Thursday 27 October 2011

Oakwell Hall

As it's half term, Mick took a couple of days holiday at the start of the week. Looking at the weather today, I think he chose the right days to take off work, it's a really dreary, grey, rainy day today. Monday was much brighter and we decided to have a day out.

We've been meaning to visit Oakwell Hall for some time. It's situated in Birstall which is over the other side of Leeds from us, but still only a twenty minute car journey. Daniel and Eleanor have both visited it in primary school when they were learing about the Tudors, they had to dress up in Tudor outfits and took part in a Tudor day there.

Oakwell hall is an Elizabethan manor house which was built in 1583. Unfortunately, on the day we visited, it was closed due to a heating failure so we didn't get to look around it, but apparently, it's furnished as it would have been in the 1690's when the Batt family resided there. Charlotte Bronte visited the hall in the 19th century and featured it as the home of the heroine in Shirley.

Even the gardens have been restored to to the condition they would have been seen in around 1690, and the plants date from before that time.

There's lots of these living willow structures in the gardens. I'm sure they'll cast a lovely shade and give somewhere cool to sit in sunny weather.

We came across this fellow on the lawn outside the hall. It's a carved stone ram, though it's origins are a mystery. It's not known how he came to be at Oakwell, how old he is or who carved him.

The hall and gardens stand in over 110 acres of country park which has been formed by a mix of woodland, farmland and a reclaimed colliery. in the 1960's, Gomersal Colliery employed over 360 men. The mine closed in 1973. There's some information about Life Dahn t'Pit, or Life Down The Pit for those of you who don't understand the Yorkshire dialect.

There's also a metal sculpture depicting two miners.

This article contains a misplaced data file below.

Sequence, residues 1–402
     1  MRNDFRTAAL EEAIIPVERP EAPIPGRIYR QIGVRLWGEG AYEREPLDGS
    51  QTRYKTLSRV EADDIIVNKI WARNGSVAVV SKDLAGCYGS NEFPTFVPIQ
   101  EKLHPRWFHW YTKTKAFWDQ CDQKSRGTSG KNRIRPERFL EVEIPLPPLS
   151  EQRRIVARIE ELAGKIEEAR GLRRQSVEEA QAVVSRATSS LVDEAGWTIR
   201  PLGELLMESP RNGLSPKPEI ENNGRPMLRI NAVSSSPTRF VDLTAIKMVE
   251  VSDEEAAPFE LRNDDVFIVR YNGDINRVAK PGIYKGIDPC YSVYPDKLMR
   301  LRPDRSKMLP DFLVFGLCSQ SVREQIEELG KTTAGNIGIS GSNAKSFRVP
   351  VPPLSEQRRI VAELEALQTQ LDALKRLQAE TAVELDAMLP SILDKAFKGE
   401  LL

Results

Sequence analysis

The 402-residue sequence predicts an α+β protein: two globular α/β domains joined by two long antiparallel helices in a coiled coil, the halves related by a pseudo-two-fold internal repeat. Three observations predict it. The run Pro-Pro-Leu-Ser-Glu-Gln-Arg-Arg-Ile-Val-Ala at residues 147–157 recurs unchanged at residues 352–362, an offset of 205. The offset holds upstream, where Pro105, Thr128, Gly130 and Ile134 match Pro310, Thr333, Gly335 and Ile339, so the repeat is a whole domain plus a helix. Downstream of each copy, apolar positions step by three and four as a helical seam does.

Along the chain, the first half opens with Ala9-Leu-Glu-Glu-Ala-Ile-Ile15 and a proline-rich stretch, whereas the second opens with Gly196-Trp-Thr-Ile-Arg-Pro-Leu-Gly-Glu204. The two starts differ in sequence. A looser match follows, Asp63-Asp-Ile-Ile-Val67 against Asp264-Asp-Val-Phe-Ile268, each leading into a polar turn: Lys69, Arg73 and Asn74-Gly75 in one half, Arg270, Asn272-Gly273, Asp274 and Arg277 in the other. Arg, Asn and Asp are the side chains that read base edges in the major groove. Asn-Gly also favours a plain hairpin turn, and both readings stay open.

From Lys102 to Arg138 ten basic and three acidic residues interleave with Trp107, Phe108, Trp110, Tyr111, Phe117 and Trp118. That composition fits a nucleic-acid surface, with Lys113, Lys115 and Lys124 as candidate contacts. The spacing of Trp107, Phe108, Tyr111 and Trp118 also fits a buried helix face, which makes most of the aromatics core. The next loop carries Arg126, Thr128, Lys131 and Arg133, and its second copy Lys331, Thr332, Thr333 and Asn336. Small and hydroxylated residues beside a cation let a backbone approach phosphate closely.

The country park is extensive and there is a nature trail which you can follow which takes a figure of eight route. It's good to know that the fields at Oakwell are being managed with wildlife in mind.

There was plenty of space for Archie to have a good run off his lead. It seems that the park is a favourite for dog walkers as we came across a great many of them exercising their dogs on Colliery Field. In one corner of the field is a sculpture, Fiddlehead and Fernblades, which stands over six metres tall.

There's a fabulous playground at Oakwell with lots of play equipment. Daniel and Eleanor may be teenagers but they couldn't resist having a go themselves. There's a cafe with very reasonable prices and also a shop which sells lots of little pocket money priced souvenirs, though I wouldn't like to see the giant rodent which they had in their window in my garden.

It was a lovely day out and another great place which accepts dogs. We'll definitely return, I'd like the chance to have a look around the hall.


  1. Looks a great place to visit. Another one to jot down and go to. You did pick the best day to go. Weathers horrible here too. I wanted to prune my trees today :(

  2. I agree with Karen, it looks like a beautiful day for you all. What a great choice for everyone, and so nice to hear about others enjoying it too.

    Thanks for sharing all the history behind the house and mine. I loved reading it, just fascinating.

    More GREAT BLOG POSTS please!

    Sft x

  3. Looks like a nice day out, that rodent is a wee bit creepy, was it once real? Looks like I've missed a few of your posts, Temple Newsam looks nice, we are lucky too, around us are such lovely places to just go for a walk.

  4. I do enjoy posts like this that are interesting and informative with terrific photos.

  5. Thank you for all your lovely comments.

    Karen - It's a great place for dogs, Sherlock would love it. There's lots of woodland too for them to run through.

    saving for travel - I love places with information boards, it makes it so interesting when you know the history behind places.

    Gail - I hope the rodent wasn't once real, it was huge. I think we take it for granted sometimes when we live within easy reach of wonderful places to visit. We have much to be thankful for.

    Flighty - What a lovely comment, thank you, it's very much appreciated.

  6. If it's just 20 minutes away you'll have to pop back and do some of that 8 mile walk!
    Shame you couldn't get inside but the gardens look very pretty and that ram is a very handsome sculpture.
    Lisa x

  7. We'll definitely return, Lisa. I want to explore the gardens a little more on my next visit, and I'd like to see inside the hall too.